The age of Trans Fat

If you have read anything about trans fats lately, you’ve probably read enough to know their not good for you. Truthfully, this really shouldn’t come as a shock, though. It makes me laugh, however, as there are so many things that scientists have once tauted as good for you, then later, oops! This, being one of them. So, what exactly is trans fat? In layman’s terms, it’s a fat that can remain in its solid form, even at room temperature. Wow, doesn’t that just sound yummy?

But, as always, we want to know the rules before we play the game. So, did you know that the FDA (er, USDA?) allows up to .5 g of trans fat, per serving, in any given product and they can still say “zero trans fat per serving“? Interesting. So, here one thinks they’re avoiding the trans fat, when in reality, the company lowered their “per serving” size so they could still sneak the trans fat into their foods. After all, they just want the money. Not that I blame them—the only reason we work is for the money to provide for our families. But, in reality, we eat to nourish our bodies, and trans fat shouldn’t be part of our daily intake. :)

So, now that you know the rules, how do you play the game? Read the labels! Always, always, always read the label. As far as I understand, the USDA does not require that labels [yet] disclose if they have “zero trans fat” or not—that’s more of a marketing thing. So, for instance, grab your Skippy Peanut Butter. See where it says, “hydrogenated vegetable shortening”? Yah, that’s a fancy word for trans fat. :) They add it in there to keep the peanut butter stable, so you don’t have the peanut butter separating. Basically, it’s a convenience factor.

Are there alternatives? Well, in baking, yes. Use butter–real butter!  Some old recipes will contain Crisco or other vegetable shortening for pie crusts, etc. Using butter is tastiest, but makes for a difficult crust to roll-out; so, if you want to use lard—use, good ‘ol fashioned lard–that’s the best thing. Scary, isn’t it? To ingest lard? The irony is that it is better for you than trans-fat – at least it’s all natural!

You get what you pay for, right?

Who hasn’t heard this before?? To me, it’s always been relative to larger purchases, such as cars, electronics, etc. So, where does food fall into this category? Is the vanilla sold at Williams-Sonoma for $12 better than the vanilla sold at Target for $4? So many brands and varieties of tomatoes when you’re at the grocery store! Really, how do you choose?

Honestly, in most cases (I have to leave that opportunity to correct myself later – ), price really has nothing to do with it. At least, flavor. Just because the vanilla costs more doesn’t mean it tastes better. It may mean it’s fresher, pays their employees more, etc, etc. All which can contribute to a great product! But, in the end, you’re buying food for flavor, so ignore the label vs. cost factor. For instance, when you’re purchasing vanilla, stick to the basics : REAL vanilla. Walk by the imitation junk and get the real stuff, regardless of the brand. That’s one thing we have the U.S. Government to thank, they do regulate the amount of of vanilla beans in real vanilla, so the brands won’t vary too much in flavor. In freshness, yes–so, do pay attention to expiration dates.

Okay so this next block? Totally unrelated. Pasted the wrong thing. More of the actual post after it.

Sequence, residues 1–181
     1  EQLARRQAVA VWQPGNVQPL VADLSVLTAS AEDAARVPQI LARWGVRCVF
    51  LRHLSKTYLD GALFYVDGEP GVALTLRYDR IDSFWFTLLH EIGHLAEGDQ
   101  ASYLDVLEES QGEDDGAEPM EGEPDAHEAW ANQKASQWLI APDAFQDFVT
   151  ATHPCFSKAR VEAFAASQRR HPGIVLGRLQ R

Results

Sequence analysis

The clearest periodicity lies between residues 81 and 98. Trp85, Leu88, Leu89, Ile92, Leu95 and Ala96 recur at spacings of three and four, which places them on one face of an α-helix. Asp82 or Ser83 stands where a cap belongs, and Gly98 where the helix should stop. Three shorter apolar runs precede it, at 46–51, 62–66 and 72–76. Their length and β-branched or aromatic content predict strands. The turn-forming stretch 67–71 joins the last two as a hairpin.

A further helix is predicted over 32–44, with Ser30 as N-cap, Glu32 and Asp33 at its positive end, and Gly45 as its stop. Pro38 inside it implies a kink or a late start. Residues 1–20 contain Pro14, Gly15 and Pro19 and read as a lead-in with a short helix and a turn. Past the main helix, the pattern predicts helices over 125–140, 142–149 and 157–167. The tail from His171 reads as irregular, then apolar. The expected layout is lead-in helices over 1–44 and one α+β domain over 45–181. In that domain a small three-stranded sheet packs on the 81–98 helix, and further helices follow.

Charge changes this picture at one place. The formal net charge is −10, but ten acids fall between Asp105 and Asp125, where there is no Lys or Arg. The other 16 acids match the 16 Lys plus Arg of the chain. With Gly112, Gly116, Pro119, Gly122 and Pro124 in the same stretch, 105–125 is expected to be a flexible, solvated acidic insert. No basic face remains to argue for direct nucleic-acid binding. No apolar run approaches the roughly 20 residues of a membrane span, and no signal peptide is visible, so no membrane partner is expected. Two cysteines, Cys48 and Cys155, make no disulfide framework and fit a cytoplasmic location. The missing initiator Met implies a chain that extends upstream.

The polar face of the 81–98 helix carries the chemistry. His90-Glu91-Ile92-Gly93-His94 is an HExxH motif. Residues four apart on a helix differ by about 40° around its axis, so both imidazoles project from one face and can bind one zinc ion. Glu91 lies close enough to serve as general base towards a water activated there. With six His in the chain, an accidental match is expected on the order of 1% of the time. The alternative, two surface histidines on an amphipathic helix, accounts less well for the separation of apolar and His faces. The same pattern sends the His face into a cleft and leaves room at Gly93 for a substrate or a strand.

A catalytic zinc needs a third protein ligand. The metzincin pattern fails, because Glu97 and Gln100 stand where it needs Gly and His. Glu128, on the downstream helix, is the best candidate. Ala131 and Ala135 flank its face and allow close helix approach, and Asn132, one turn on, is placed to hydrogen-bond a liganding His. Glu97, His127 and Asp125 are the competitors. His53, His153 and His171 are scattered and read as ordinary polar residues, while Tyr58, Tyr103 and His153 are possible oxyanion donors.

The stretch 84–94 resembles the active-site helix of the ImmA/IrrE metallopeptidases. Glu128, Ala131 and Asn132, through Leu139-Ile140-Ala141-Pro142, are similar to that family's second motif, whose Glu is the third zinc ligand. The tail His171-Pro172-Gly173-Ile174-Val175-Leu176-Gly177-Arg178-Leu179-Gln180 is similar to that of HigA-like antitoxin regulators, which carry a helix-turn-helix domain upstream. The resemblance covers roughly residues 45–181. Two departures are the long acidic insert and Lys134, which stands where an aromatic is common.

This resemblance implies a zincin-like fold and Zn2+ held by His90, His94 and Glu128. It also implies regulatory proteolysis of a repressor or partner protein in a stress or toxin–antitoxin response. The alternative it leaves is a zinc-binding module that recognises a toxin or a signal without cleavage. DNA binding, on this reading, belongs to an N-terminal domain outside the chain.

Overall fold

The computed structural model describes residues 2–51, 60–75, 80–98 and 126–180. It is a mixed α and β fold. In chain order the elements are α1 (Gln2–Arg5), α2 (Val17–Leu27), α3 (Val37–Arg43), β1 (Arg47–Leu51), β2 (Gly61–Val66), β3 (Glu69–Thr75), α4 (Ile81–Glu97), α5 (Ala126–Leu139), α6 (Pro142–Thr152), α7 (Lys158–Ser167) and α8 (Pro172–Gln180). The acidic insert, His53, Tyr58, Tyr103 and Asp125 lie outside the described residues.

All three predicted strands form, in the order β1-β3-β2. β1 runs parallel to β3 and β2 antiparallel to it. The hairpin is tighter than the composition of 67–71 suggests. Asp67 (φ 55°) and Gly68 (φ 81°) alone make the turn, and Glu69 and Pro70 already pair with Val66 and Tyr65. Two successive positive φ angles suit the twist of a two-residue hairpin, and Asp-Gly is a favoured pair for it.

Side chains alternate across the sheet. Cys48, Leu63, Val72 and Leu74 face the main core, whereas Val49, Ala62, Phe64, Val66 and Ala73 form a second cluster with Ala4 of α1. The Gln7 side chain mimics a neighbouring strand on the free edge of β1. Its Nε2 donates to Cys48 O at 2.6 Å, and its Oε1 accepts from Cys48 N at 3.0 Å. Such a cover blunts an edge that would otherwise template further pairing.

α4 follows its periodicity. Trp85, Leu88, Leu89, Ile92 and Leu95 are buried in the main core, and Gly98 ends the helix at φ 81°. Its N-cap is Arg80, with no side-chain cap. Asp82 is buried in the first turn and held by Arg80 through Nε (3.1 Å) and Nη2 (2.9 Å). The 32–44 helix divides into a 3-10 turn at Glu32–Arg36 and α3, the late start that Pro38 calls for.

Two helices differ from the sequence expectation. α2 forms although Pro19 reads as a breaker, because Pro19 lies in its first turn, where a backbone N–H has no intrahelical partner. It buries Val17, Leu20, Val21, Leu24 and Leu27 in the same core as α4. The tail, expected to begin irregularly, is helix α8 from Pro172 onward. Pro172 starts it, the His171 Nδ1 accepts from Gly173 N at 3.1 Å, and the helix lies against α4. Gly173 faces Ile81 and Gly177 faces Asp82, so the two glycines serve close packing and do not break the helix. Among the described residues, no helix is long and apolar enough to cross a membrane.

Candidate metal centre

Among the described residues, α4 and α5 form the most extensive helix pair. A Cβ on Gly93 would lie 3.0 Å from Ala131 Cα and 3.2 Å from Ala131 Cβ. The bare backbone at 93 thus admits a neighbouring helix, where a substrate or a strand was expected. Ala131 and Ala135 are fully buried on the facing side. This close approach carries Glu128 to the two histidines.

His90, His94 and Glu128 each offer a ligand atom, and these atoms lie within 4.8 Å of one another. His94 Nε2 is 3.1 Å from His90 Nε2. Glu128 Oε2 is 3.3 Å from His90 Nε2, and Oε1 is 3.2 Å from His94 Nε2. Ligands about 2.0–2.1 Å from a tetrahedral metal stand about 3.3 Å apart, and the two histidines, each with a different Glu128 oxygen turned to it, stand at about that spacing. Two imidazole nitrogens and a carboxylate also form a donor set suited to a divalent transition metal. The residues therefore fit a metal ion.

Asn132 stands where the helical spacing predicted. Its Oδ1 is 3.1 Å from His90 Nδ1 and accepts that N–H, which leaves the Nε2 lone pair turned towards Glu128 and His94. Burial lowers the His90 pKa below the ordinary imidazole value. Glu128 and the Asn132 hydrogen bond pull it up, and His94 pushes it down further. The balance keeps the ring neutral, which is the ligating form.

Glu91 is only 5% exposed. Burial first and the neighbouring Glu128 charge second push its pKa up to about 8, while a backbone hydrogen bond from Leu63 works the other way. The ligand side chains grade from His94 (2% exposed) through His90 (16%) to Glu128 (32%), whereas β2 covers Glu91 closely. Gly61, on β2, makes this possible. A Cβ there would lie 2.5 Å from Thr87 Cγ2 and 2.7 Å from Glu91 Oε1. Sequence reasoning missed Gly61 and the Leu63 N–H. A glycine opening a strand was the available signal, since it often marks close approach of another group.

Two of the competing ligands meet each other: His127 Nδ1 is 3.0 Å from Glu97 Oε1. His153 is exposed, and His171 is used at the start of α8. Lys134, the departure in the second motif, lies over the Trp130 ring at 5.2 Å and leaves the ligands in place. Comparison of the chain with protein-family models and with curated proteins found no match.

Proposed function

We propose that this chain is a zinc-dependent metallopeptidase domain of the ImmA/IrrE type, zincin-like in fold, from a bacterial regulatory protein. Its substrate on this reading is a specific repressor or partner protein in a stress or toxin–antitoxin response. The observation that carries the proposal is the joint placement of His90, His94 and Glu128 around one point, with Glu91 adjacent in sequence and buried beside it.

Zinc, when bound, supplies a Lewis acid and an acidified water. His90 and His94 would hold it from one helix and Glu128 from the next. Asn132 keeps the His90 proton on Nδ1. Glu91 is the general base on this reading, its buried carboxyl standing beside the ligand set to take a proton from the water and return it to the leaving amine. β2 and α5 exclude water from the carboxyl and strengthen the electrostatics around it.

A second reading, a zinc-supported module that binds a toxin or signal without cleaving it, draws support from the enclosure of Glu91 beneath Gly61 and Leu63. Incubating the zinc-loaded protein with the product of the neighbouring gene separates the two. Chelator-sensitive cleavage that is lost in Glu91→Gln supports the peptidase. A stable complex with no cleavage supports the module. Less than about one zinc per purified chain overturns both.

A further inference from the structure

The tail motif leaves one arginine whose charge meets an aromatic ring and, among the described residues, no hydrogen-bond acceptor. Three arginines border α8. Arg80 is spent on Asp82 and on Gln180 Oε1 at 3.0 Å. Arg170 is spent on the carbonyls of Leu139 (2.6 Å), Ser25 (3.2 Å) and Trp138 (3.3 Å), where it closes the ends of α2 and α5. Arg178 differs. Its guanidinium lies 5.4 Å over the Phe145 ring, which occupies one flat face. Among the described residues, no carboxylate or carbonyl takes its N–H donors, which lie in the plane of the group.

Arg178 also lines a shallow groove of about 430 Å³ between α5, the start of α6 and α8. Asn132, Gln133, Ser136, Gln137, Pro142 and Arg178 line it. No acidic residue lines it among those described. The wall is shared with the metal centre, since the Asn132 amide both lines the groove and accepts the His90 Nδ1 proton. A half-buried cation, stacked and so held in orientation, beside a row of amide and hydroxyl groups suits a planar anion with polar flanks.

When thinking about tomatoes, I don’t worry about cost, either. I worry what they’re packaged in! I’d much prefer tomatoes to be packaged in ripe tomato juice, with no junkie spices added. To me, when their are spices spiced added, it usually means they were trying to get rid of some less-than-prime tomatoes. Don’t get the ones packed in puree, either. The puree will carry a metallic flavor and add a heaviness to the tomatoes that will contradict the dish.

Most importantly, and this is my own personal soap box, try your darndest to avoid anything with corn syrup, or at the very least, high fructose corn syrup. If you are an over-the-counter pasta sauce purchaser, keep a close eye on this. Many OTC purchases have corn syrup in them, which is a company’s cheap way of using sugar. Ironically, some of the more expensive brands may be using it. So, KitchenNut advice – read the label! :) If it sounds yummy, then your product has a higher chance of tasting good.

Oven-made Pancakes

A cake by any other name would taste just as sweet, right?? Of course! After all, cake is cake, right?? Recently I discovered that I can make one giant pancake, which for those of you who find yourselves hovering over the stove flipping pancakes for a seeming eternity, this is a handy tip!

Preheat your oven to 450º with your oven rack on the upper-middle shelf, and don’t forget to ignore the beep! While the oven is pre-heating, whip up your favorite batch of pancakes, but don’t forget to not over mix your batter–stir gently–you want the lumps. Trust me. Then you let the batter rest for ten minutes. While it’s resting , grease a 9 x 13 glass pan and gently pour your batter into the pan. If you place the pancake in the oven just as so, it will become a little dry on top—so, I prefer to add some moisture. I think a nice blend of frozen blueberries with sugar ought to do the trick! Feel free to substitute your favorite topping. Bake for 25 minutes, and voila! The whole family gets to eat together!! Oh, but please, use real maple (grade A dark or grade B) for the syrup!